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OBJECTIVES - The aim of this study was to test the hypothesis that 2 common polymorphisms in the chromosome 4q25 region that have been associated with atrial fibrillation (AF) contribute to the variable penetrance of familial AF.
BACKGROUND - Although mutations in ion channels, gap junction proteins, and signaling molecules have been described for Mendelian forms of AF, penetrance is highly variable. Recent studies have consistently identified 2 common single-nucleotide polymorphisms in the chromosome 4q25 region as independent AF susceptibility alleles.
METHODS - Eleven families in which AF was present in ≥2 members who also shared a candidate gene mutation were studied. These mutations were identified in all subjects with familial lone AF (n = 33) as well as apparently unaffected family members (age >50 years with no AF; n = 17).
RESULTS - Mutations were identified in SCN5A (n = 6), NPPA (n = 2), KCNQ1 (n = 1), KCNA5 (n = 1), and NKX2.5 (n = 1). In genetic association analyses, unstratified and stratified according to age of onset of AF and unaffected age >50 years, there was a highly statistically significant association between the presence of both common (rs2200733 and rs10033464) and rare variants and AF (unstratified p = 1 × 10(-8), stratified [age of onset <50 years and unaffected age >50 years] p = 7.6 × 10(-5)) (unstratified p < 0.0001, stratified [age of onset <50 years and unaffected age >50 years] p < 0.0001). Genetic association analyses showed that the presence of common 4q25 risk alleles predicted whether carriers of rare mutations developed AF (p = 2.2 × 10(-4)).
CONCLUSIONS - Common AF-associated 4q25 polymorphisms modify the clinical expression of latent cardiac ion channel and signaling molecule gene mutations associated with familial AF. These findings support the idea that the genetic architecture of AF is complex and includes both rare and common genetic variants.
Copyright © 2012 American College of Cardiology Foundation. Published by Elsevier Inc. All rights reserved.
BACKGROUND AND PURPOSE - A common site for drug binding on voltage-gated ion channels is at the interior face of the channel pore. In this study, we tested the hypothesis that the extent of drug block of the human cardiac KCNA5 (K(v) 1.5) channel underlying the atrial-specific, ultra-rapidly activating, delayed K(+) current (I(Kur) ) is modulated by the drug uptake and efflux transporters encoded by organic cation transporter 1 (OCTN1) and multiple drug-resistant gene 1 (MDR1) and expressed in human heart.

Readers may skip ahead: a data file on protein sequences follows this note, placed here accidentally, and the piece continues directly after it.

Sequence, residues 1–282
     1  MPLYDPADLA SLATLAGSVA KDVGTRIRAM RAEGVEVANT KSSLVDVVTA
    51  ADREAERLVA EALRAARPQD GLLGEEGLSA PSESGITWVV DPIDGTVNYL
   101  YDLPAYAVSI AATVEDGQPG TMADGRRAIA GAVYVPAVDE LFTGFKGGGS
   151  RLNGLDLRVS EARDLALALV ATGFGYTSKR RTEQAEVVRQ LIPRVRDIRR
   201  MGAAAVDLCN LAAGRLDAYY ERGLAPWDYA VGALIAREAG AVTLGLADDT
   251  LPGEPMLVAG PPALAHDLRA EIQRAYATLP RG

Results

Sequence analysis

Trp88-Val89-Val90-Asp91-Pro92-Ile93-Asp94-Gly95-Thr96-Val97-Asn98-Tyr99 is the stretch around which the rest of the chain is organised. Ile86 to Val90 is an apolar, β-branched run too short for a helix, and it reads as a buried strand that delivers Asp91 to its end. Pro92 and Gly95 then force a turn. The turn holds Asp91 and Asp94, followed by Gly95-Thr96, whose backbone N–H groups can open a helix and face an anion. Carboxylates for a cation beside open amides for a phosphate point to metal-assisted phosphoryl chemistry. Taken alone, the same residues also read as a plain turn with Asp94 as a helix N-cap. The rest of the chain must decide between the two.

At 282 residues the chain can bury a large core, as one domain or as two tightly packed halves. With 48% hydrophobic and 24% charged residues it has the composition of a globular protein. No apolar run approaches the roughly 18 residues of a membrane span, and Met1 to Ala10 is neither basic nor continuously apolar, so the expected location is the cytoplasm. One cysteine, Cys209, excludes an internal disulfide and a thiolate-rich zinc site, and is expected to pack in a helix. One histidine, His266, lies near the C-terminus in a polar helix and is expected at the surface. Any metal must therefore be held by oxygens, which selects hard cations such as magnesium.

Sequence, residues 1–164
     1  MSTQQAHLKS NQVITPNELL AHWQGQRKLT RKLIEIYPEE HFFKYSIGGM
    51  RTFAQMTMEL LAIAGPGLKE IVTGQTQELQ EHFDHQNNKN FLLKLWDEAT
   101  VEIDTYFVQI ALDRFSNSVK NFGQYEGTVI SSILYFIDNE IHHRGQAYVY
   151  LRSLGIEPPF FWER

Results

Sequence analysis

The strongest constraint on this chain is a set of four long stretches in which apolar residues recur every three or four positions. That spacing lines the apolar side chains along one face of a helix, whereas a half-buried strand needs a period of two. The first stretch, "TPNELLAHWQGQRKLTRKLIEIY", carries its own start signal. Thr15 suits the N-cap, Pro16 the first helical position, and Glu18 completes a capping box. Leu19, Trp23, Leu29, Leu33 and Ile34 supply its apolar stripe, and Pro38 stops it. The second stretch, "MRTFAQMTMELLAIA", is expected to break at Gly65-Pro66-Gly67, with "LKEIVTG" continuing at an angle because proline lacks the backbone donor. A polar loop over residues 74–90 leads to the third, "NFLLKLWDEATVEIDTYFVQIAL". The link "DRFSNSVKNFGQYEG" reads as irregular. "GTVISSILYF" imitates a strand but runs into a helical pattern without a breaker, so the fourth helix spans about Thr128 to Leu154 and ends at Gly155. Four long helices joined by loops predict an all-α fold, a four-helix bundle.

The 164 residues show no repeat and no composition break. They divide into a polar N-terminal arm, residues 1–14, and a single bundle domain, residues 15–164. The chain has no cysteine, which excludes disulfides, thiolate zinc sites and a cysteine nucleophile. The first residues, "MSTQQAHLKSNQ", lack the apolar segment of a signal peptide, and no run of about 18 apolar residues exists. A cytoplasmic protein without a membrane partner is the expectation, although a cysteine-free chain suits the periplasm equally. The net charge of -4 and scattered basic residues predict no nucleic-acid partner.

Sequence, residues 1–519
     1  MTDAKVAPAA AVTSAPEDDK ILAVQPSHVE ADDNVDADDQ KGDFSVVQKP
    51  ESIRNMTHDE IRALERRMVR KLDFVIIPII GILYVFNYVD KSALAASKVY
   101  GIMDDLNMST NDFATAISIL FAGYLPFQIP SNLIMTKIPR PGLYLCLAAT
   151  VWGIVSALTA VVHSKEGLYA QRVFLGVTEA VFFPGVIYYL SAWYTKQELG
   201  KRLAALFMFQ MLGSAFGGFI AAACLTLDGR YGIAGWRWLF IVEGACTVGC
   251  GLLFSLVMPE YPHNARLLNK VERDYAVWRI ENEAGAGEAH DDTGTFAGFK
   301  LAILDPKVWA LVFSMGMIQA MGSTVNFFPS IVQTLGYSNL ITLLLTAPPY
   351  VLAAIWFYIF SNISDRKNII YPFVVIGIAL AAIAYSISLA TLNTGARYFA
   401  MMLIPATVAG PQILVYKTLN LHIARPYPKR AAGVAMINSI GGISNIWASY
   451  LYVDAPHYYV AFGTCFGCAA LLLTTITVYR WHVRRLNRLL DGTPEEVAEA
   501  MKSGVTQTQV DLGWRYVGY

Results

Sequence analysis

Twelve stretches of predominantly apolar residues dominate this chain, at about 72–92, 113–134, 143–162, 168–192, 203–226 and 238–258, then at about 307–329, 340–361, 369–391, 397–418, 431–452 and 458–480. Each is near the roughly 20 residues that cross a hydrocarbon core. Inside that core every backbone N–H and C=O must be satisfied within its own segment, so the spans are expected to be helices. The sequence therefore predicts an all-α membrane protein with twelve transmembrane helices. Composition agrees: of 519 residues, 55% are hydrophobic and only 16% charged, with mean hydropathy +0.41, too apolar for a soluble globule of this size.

EXPERIMENTAL APPROACH - Drug block of KCNA5 was assessed in Chinese hamster ovary cells transiently transfected with KCNA5 alone or in combination with the OCTN1 or MDR1 transporter construct, as well as in an MDR1 stably expressed cell line.
KEY RESULTS - Co-expression of OCTN1 significantly facilitated block by quinidine (10 µM), verapamil (20 µM), propafenone (5 µM) and clofilium (30 µM). Further evidence of drug transport modulating drug block was the finding that with OCTN1, block developed faster and only partially washed-out, and that block potentiation was prevented by cimetidine, an inhibitor of OCTN1. MDR1 expression attenuated KCNA5 block by erythromycin (an MDR1 substrate). Block was restored by reversin-205 (10 µM, an MDR1 inhibitor). MDR1 did not affect KCNA5 inhibition by KN-93 (1 µM), a blocker acting on the outer mouth of the channel pore.
CONCLUSIONS AND IMPLICATIONS - The extent of drug block of KCNA5 can be modulated by drug uptake and efflux transporters. These data provide further support for the idea that modifying intracellular drug concentrations could modulate the effects of blocking ion channels in patients.
© 2010 The Authors. British Journal of Pharmacology © 2010 The British Pharmacological Society.
BACKGROUND - Emerging evidence has strongly implicated hereditary determinants for atrial fibrillation (AF). Loss-of-function mutations in KCNA5 encoding the ultrarapid delayed rectifier potassium current I(Kur) have been identified in AF families.
OBJECTIVE - The purpose of this study was to determine the clinical and biophysical phenotypes in a KCNA5 mutation with deletion of 11 amino acids in the N-terminus of the protein, which was identified in patients with lone AF.
METHODS - Patients with AF confirmed by ECG were prospectively enrolled in the Vanderbilt AF Registry, which comprises clinical and genetic databases. A KCNA5 mutation was generated by mutagenesis for electrophysiologic characterization.
RESULTS - We identified a novel 33-bp coding region deletion in two Caucasian probands. One proband was part of a kindred that included four other members with AF, and all were mutation carriers. The mutation results in deletion of 11 amino acids in the N-terminus of the protein, a proline-rich region as a binding site for Src homology 3 (SH3) domains associated with Src-family protein tyrosine kinase (TK) pathway. In transfected cells, the mutant caused approximately 60% decreased I(Kur) versus wild-type (WT) (75 +/- 8 pA/pF vs 180 +/- 15 pA/pF, P <.01) and dominant-negative effect on WT current (105 +/- 10 pA/pF, P <.01). Pretreatment with the Src inhibitor PP2 prevented v-Src TK from 90% suppressed WT current. In contrast, the mutant channel displayed no response to v-Src TK.
CONCLUSION - Our data implicate abnormal atrial repolarization control due to variable TK signaling as a mechanism in familial AF and thereby suggest a role for modulation of this pathway in AF and its treatment.
Copyright 2010 Heart Rhythm Society. Published by Elsevier Inc. All rights reserved.
AIMS - Protein-protein interactions are critical for the normal membrane trafficking, localization, and function of voltage-gated ion channels. In human heart, the Shaker-related voltage-gated K(+) channel KCNA5 alpha-subunit forms the major basis of an atrial-specific, ultra-rapid delayed rectifier K(+) current, I(Kur). We sought to identify proteins that interact with KCNA5 in human atrium and investigate their role in the I(Kur) complex.